RISMEDIA, August 17, 2009-(MCT)-Thousands of homeowners across Arizona moved closer to losing their homes last month.
Arizona had the third-highest foreclosure rate in the United States in July, with one in every 135 housing units receiving a foreclosure filing, according to the latest market report from RealtyTrac, an online marketplace for foreclosure properties.
Foreclosure filings — default notices, scheduled auctions and bank repossessions — were reported on 19,694 properties statewide, up 17 percent from June and 47.5 percent from July 2008.
There was some evidence that the rate of increase slowed a little in June, but that wasn’t the case last month, said Daren Blomquist, RealtyTrac spokesman.
“There was a short period where they weren’t increasing quite as quickly, but at least in July they’re back to pretty sharp increases on a year-overyear basis,” he said. “We’re hearing that home sales are up in Phoenix right now, and there are some signs that home prices might be stabilizing, which is good news. So Phoenix would be one of those markets that we might expect to see a turnaround in the foreclosure numbers. But we haven’t seen it yet.”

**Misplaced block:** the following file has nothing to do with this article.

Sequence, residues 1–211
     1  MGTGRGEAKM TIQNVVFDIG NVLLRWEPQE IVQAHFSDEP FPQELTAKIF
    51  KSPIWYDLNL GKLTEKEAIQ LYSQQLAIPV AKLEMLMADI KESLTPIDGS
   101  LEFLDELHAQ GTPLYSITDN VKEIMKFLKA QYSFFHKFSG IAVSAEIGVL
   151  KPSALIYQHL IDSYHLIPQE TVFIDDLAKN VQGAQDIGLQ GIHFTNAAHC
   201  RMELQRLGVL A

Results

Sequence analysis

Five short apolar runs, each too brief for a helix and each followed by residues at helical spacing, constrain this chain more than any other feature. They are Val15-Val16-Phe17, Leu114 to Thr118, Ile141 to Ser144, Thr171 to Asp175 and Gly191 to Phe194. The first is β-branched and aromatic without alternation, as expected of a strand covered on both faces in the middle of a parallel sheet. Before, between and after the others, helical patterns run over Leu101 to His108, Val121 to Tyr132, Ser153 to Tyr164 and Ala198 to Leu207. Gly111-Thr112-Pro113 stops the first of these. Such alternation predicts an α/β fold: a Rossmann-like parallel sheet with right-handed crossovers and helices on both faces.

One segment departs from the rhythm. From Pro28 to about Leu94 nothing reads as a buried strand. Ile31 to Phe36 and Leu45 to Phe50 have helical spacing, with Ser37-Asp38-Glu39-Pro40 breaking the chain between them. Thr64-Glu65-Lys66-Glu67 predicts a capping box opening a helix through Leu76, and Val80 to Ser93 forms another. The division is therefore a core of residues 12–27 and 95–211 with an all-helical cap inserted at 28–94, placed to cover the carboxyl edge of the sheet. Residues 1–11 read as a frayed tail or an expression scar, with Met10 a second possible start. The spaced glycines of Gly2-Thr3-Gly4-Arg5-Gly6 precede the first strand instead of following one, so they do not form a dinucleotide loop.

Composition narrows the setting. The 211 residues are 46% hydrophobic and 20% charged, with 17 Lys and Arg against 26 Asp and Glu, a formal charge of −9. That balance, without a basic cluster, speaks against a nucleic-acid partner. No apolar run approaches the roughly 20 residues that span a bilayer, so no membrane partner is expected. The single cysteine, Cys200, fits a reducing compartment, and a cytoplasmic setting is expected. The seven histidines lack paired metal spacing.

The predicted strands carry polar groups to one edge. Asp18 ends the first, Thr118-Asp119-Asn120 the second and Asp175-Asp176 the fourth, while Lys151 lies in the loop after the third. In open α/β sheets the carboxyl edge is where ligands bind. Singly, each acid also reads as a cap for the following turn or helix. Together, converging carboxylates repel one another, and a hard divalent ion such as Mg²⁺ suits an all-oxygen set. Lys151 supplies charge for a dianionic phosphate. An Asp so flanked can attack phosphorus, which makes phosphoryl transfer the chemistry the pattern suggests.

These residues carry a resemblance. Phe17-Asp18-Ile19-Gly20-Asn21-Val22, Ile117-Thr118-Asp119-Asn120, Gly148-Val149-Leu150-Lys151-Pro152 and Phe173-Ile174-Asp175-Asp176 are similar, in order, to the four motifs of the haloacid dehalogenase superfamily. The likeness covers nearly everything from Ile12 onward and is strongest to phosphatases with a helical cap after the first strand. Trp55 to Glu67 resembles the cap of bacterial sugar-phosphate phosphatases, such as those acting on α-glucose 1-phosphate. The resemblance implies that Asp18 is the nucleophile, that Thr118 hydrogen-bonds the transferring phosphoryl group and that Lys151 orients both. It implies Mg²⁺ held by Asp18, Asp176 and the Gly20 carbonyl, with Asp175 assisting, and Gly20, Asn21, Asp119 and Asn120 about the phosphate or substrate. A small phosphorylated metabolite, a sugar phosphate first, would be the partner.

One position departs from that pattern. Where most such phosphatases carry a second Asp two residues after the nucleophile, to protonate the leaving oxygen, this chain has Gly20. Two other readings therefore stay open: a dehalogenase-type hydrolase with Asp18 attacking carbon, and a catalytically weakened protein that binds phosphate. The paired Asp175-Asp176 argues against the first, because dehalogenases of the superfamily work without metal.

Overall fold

Scheduled auctions, the first public record in the Arizona foreclosure process, jumped 25 percent from the previous month, while bank repossessions stayed flat. Only Nevada and California had higher state foreclosure rates.
“We’re putting more into the foreclosure pipeline even as we’re still trying to deal with the large numbers that are already in the pipeline,” Blomquist said.
Among metropolitan areas, Phoenix-Mesa-Scottsdale had the ninth-highest foreclosure rate, with one in every 109 housing units receiving a foreclosure filing.
Nationally, foreclosure filings were reported on 360,149 properties, with one in every 355 U.S. housing units receiving a foreclosure notice. That’s up nearly 7 percent from June and 32 percent from July 2008.
There’s no evidence yet that national foreclosure prevention programs have affected foreclosure filings, Blomquist said.
“We don’t see a quick end to this anytime in the next few months,” he said. “We expect the numbers to continue to be high through at least the end of this year.”
Copyright (c) 2009, The Tribune, Mesa, Ariz.
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